The bulk of the book — the encyclopedia section — comprises 97 chapters, or monographs, each discussing 1 herb in some detail. The average length of each monograph is about 2 pages, and it includes the English and transliterated Arabic names in the title. For each herb, its monograph includes the botanical origin (Latin binomial and family), common names (in various languages), safety rating, Prophetic prescription (his telling and practice), issues in herbal identification, properties and traditional uses, modern scientific studies (the most prominent ones), and notes (an average of 17 cited references per monograph). The herbs included in this encyclopedia range from commonly known medicinal herbs, such as aloe (Aloe vera, Liliaceae), garlic (Allium sativum, Alliaceae), ginger (Zingiber officinale, Zingiberaceae), and senna (Senna alexandrina, Fabaceae), to somewhat exotic ones (native to Arabia) such as black seed (Nigella sativa, Ranunculaceae), colocynth (Citrullus colocynthis, Cucurbitaceae), myrrh (Commiphora myrrha, Burseraceae), and miswak (Salvadora persica, Salvadoraceae).
Interestingly, more than half of the included herbs are edible vegetables, fruits, or nuts, such as banana (Musa paradisiaca, Musaceae), cucumber (Cucumis sativus, Cucurbitaceae), eggplant (Solanum melongena, Solanaceae), olive (Olea europaea, Oleaceae), and almonds (Prunus dulcis, Rosaceae), whose medicinal values are adequately presented. The progression from Prophetic to traditional to scientific practices related to the mentioned herb significantly contributes to the unique nature of each monograph included in this encyclopedia. It also provides each monograph with a nice blend of aromas brought out by the combination of historical, traditional, and scientific facts in a style that is easy to read and enjoy. Two minor noticeable issues in all monographs are the absence of herb names in the original Arabic alphabet (especially with the presence of the transliteration table showing Arabic letters at the beginning of the book) and some incomplete journal names in the Notes section.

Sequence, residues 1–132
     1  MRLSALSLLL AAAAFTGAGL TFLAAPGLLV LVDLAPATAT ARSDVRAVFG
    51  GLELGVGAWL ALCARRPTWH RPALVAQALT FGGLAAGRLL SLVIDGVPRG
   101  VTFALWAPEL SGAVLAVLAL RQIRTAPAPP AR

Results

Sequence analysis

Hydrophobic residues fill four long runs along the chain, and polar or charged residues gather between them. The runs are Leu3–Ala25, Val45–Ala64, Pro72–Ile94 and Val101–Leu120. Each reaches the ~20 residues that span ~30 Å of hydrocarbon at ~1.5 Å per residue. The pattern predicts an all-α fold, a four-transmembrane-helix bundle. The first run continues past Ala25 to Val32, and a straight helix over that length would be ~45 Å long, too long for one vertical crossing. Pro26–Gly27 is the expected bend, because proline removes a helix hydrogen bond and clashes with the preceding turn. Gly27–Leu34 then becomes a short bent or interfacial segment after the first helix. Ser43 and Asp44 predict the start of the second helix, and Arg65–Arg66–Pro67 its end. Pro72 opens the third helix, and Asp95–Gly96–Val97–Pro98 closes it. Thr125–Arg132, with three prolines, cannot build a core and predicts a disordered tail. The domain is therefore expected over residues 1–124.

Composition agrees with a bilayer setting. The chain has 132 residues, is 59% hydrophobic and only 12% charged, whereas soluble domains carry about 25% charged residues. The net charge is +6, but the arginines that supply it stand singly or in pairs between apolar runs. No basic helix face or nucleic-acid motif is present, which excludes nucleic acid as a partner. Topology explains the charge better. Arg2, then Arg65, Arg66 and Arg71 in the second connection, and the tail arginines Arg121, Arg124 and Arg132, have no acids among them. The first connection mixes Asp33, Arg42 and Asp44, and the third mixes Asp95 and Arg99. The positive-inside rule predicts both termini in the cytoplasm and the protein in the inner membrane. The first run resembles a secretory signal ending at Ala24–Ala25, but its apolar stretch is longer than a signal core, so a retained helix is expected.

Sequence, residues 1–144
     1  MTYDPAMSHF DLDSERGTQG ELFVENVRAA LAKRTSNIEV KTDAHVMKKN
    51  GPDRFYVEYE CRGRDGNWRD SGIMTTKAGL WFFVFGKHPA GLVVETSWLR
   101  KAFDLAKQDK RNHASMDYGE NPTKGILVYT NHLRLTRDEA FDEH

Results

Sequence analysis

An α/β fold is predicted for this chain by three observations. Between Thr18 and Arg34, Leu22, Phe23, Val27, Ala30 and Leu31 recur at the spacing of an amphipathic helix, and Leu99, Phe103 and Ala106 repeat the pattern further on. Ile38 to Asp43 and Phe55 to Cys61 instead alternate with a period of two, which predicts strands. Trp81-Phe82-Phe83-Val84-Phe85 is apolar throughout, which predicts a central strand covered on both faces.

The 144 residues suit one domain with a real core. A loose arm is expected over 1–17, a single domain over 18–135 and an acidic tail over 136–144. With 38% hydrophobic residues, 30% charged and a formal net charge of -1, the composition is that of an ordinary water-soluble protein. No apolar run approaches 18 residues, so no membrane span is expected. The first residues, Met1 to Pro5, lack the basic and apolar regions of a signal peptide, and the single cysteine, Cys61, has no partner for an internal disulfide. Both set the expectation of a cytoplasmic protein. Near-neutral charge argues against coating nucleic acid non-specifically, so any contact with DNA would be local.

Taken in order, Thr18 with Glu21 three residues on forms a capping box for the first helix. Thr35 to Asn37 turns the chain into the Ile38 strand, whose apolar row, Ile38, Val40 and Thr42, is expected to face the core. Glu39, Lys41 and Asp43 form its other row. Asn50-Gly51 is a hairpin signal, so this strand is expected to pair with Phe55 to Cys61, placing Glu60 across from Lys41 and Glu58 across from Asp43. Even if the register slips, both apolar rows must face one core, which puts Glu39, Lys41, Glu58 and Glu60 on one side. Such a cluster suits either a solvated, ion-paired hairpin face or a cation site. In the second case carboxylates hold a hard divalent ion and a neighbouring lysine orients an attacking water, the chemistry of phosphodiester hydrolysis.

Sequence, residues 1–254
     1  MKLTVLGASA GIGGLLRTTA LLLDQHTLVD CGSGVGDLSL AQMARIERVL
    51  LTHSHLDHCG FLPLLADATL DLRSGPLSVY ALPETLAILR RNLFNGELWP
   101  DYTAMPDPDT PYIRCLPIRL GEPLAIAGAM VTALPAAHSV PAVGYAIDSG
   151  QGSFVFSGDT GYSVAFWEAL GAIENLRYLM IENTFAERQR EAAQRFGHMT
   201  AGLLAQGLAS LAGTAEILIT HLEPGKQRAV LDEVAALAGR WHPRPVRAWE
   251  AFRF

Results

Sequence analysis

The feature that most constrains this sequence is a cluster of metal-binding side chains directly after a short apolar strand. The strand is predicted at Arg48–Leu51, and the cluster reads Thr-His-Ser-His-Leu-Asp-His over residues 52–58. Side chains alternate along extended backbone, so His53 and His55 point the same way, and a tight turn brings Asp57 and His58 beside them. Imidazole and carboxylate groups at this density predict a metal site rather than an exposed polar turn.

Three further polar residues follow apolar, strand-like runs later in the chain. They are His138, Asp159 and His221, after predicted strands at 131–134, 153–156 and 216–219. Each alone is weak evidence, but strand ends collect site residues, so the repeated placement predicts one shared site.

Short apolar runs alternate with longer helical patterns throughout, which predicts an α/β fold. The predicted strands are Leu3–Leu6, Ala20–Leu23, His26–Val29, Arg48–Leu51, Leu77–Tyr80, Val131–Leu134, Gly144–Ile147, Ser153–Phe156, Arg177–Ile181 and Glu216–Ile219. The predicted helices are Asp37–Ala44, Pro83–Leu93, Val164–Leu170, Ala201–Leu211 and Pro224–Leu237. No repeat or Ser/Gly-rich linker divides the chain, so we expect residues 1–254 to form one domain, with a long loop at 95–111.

Overall, the content appropriately reflects the author’s knowledge and authority in the area of Islamic religion, tradition, and history as well as a strong command of the challenging Arabic language. This work is not merely a translation of old text. It is a serious and extensive effort to link the past with the present and to establish a continuum based on our expanding knowledge in life sciences. As such, the Encyclopedia of Islamic Herbal Medicine may appeal not only to readers of history, religion, and traditional medicine but also to scholars and researchers in the areas of modern phytotherapy, pharmacognosy, and phytopharmacology. Those involved in drug discovery may also find new clues about sources for potential natural product compounds. It is a welcome contribution to the growing Western library on herbal medicine from the rich and largely unexplored realms of the East.
—Ehab A. Abourashed, PhD Department of Pharmaceutical Sciences College of Pharmacy Chicago State University Chicago, IL